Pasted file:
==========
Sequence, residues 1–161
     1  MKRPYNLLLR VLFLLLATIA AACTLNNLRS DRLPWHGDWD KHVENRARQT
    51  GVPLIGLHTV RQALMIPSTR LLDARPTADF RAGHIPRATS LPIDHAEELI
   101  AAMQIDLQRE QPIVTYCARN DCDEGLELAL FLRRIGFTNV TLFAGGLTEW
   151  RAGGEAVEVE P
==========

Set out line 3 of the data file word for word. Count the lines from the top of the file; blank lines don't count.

    51  GVPLIGLHTV RQALMIPSTR LLDARPTADF RAGHIPRATS LPIDHAEELI